Premier Youthworks management acknowledges that avoiding further public scrutiny is part of the motivation behind its decision to apply for not-for-profit status.
The embattled out-of-home care provider has also defended the turnover in its senior ranks, with three different chief executives having been at the helm within the space of a few months.
The company runs group homes across Newcastle and the ACT for traumatised children who have been removed from the care of their families.
Its annual revenue is unknown, but in the past the figure has reportedly been estimated at $20 million.
As one of the few for-profit agencies in the sector, Premier has faced intense scrutiny in the last 12 months over its handling of taxpayer funds, as well as over staffing and conditions inside some of its group homes.
Fairfax Media has obtained an email circulated among Premier Youthworks staff on November 17, in which chief executive Jared Gillard announced the company would be seeking not-for-profit status.
Mr Gillard is a former caseworker with the NSW Department of Family and Community Services (FACS).
“Becoming a not-for-profit entity has been something that has been on the radar for a long time at Premier Youthworks and considered by the leadership team and [managing director Lisa Glen] strongly in recent years,” Mr Gillard wrote.
“We felt that it had to be a very considered decision to make such a huge change to the organisation and fundamentally impact on the structure of Premier Youthworks.”
Less than a month earlier, a spokeswoman answering questions on behalf of Premier Youthworks denied the company had moved to change its for-profit status.
“No, we have not applied for not-for-profit status, but this is something [Premier Youthworks] has considered from time to time,” she said.
In a November interview with Fairfax Media, managing director Lisa Glen was quizzed about whether such a change could be in the pipeline.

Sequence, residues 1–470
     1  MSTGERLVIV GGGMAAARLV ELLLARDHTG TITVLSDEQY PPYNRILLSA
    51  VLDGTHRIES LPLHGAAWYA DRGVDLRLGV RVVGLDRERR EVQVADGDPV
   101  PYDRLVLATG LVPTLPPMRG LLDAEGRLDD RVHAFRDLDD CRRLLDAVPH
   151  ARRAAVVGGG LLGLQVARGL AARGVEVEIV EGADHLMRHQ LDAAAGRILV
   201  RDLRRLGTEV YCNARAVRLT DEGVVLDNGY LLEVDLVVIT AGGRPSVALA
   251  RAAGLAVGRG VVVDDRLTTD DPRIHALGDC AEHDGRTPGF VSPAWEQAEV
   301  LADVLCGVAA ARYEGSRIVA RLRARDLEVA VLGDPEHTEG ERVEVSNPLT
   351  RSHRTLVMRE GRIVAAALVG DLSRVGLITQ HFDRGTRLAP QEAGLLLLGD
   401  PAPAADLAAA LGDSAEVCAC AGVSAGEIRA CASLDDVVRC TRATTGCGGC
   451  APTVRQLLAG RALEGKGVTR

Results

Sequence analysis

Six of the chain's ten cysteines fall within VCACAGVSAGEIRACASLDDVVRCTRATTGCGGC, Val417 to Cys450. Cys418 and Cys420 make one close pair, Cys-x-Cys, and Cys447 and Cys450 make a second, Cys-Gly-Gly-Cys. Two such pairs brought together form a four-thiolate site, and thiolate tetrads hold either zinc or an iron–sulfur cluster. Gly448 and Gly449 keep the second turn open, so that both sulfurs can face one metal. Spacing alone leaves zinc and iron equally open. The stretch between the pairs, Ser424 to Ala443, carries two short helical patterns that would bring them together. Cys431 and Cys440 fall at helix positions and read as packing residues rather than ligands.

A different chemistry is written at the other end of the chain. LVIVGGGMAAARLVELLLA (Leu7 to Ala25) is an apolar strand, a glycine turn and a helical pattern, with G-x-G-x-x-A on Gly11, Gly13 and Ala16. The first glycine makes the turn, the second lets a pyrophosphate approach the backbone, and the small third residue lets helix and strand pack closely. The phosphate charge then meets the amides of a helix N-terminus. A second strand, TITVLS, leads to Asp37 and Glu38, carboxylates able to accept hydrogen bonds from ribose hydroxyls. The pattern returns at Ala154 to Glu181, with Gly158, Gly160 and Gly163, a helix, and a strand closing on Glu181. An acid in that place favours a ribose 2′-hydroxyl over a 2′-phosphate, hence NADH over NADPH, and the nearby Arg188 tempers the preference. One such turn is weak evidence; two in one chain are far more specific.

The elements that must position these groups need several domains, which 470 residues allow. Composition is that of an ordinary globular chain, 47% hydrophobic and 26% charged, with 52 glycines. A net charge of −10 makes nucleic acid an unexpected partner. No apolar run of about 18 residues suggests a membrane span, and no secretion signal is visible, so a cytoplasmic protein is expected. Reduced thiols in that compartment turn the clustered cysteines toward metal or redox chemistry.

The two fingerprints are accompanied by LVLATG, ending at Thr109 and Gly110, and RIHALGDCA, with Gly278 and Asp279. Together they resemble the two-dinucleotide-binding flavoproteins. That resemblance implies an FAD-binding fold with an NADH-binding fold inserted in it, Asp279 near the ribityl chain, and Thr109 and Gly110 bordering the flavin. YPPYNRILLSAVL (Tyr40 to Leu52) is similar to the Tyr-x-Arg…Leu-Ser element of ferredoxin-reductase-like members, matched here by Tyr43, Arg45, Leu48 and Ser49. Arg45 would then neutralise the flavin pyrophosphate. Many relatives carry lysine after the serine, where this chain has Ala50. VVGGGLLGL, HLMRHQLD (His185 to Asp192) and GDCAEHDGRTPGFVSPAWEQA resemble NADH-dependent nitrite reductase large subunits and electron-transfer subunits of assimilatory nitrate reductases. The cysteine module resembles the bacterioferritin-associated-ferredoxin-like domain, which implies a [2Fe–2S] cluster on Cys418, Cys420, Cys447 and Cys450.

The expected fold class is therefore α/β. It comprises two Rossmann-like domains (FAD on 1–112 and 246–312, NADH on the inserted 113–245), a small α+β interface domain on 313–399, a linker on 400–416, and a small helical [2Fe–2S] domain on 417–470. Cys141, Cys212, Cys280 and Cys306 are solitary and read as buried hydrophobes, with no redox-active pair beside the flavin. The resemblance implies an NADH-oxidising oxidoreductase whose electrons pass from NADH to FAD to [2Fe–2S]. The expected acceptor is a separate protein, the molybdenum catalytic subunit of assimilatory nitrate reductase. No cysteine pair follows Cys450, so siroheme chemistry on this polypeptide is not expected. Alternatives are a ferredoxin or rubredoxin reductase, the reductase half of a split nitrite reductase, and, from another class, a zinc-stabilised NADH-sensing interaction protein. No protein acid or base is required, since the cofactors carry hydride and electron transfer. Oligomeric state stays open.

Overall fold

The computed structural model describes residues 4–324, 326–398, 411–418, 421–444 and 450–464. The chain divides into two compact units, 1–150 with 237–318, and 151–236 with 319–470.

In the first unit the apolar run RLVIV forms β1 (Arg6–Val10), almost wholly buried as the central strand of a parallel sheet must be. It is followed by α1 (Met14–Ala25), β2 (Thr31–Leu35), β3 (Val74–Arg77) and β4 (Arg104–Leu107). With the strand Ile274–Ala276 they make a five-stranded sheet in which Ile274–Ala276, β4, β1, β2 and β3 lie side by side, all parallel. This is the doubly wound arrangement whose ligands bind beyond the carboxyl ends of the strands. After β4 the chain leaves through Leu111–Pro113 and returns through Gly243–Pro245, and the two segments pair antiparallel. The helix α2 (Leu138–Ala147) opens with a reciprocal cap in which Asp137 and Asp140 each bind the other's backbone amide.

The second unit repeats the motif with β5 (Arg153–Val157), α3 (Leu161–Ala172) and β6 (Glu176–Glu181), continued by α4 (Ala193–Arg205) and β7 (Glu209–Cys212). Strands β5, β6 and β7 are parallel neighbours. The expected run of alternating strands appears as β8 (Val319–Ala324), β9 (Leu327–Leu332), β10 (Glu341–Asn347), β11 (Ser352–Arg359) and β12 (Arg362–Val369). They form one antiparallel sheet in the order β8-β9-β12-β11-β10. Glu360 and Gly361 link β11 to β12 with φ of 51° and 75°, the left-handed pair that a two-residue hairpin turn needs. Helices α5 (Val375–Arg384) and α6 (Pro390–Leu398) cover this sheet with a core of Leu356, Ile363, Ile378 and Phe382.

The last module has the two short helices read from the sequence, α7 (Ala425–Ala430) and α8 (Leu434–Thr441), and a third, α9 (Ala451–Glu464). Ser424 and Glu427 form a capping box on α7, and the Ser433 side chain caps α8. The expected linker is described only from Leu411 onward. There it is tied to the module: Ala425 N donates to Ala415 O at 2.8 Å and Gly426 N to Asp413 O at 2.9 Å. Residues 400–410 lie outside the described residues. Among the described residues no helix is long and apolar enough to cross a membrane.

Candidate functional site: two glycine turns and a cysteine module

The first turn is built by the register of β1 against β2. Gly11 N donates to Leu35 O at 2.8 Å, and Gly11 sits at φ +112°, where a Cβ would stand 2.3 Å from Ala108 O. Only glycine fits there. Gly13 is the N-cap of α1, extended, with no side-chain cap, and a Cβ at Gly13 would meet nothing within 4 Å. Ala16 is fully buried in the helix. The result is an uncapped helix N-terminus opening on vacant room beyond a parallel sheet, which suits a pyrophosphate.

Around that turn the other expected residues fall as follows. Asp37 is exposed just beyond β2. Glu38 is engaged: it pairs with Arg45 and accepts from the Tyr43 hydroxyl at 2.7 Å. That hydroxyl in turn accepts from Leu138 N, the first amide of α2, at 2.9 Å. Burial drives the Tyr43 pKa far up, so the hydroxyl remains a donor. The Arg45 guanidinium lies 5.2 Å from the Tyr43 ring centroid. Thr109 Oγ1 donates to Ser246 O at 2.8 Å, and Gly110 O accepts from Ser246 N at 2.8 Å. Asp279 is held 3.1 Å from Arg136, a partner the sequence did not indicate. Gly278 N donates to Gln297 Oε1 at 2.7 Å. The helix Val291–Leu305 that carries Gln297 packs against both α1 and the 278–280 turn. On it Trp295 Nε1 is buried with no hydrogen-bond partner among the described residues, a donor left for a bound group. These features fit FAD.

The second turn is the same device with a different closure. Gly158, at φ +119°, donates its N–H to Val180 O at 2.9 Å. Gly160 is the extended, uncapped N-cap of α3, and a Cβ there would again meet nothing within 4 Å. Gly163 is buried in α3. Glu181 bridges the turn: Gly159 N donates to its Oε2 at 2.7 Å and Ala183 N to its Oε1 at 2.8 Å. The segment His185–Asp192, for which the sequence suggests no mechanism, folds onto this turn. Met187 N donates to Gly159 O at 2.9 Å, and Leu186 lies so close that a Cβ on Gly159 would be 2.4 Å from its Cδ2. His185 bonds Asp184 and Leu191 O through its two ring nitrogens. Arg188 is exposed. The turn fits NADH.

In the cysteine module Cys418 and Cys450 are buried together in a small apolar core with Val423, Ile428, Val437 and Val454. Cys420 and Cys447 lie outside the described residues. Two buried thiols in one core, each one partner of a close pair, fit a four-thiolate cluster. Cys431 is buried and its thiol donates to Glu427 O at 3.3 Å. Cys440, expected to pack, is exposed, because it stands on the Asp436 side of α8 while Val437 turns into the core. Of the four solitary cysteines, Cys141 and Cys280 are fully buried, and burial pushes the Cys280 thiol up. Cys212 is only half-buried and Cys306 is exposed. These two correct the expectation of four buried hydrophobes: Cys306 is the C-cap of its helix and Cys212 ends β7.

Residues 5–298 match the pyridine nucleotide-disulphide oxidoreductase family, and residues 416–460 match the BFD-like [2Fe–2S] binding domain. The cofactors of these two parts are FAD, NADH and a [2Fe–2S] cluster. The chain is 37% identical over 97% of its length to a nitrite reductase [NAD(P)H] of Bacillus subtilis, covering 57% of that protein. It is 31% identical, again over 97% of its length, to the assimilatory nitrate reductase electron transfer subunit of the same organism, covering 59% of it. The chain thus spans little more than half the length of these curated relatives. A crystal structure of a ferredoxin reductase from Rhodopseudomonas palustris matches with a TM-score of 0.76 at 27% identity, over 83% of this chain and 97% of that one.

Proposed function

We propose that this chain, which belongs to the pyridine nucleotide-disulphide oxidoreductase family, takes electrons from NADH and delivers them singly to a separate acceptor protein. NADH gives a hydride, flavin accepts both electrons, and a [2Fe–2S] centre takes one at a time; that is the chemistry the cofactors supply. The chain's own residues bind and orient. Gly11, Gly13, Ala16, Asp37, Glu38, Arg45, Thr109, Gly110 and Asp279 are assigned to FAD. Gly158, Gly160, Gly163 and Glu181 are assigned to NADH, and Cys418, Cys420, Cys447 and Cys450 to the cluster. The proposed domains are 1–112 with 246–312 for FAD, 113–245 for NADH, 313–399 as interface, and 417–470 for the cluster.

“This is been something that we’ve been tossing around for, oh gosh, a long time. And even more so probably this last 12 months, because if that was something that would maybe get us out of the media attention,” she said.
Not-for-profit entities qualify for a range of tax concessions but must direct profits towards the purpose of the business.
Whistleblowers have complained the organisation has not directed enough of its taxpayer funding towards financial and risk management frameworks and IT systems.
The care of vulnerable children on the ground suffered as a result, one of them claimed.
“It’s like nothing I’ve experienced before ... from a financial management perspective, it is just a recipe for disaster,” he said.
But those allegations were strenuously denied by the company.
A spokesperson said it had a governance advisory board and used a range of expert consultants to support governance and risk management.
“[The company] utilises a range of modern systems and continues to invest in new systems,” he said.
“We are answerable to the NSW and ACT governments who are across all of this.”
Ms Glen pointed to the five-year accreditation that Premier received from the NSW Office of the Children’s Guardian in June as an indication the company was well run. “You don’t just get it easily,” she said. “You have to be doing the right thing.”
Earlier this year the company’s previous chief executive, Mathew McGovern, announced his resignation. He was replaced by Elaine De Vos, who lasted three weeks in the role before she tendered her resignation.
Around the same time, corporate services and human resources manager Bill Armstrong also called it quits, after less than 12 months in the job.
Fairfax Media attempted to contact the former employees to discuss the reasons behind their resignations, but they did not respond to calls.
Ms Glen denied the turnover in the company’s senior ranks was abnormal, given the sector and the size of the organisation.
“In terms of senior management turning over, Matt McGovern was the first to leave but he’d worked here for over 10 years … Elaine came on and had to leave because of personal reasons and gosh, most organisations this size have staff turnover,” Ms Glen said.
“We have had a tough year, granted, but it is what it is. The corporate services manager put in his resignation [but] there was no issues leading up to that.”
Earlier this year, FACS placed Premier Youthworks under review following a scathing Four Corners expose.
FACS’ operations are also under a cloud, after its Hunter New England office was given a “six month lifeline” to meet standards or have its accreditation withdrawn.
But a spokesperson denied FACS was responsible for oversight of Premier Youthworks.
“The standards you refer to are set and monitored by the Office of the Children’s Guardian – not FACS,” he said.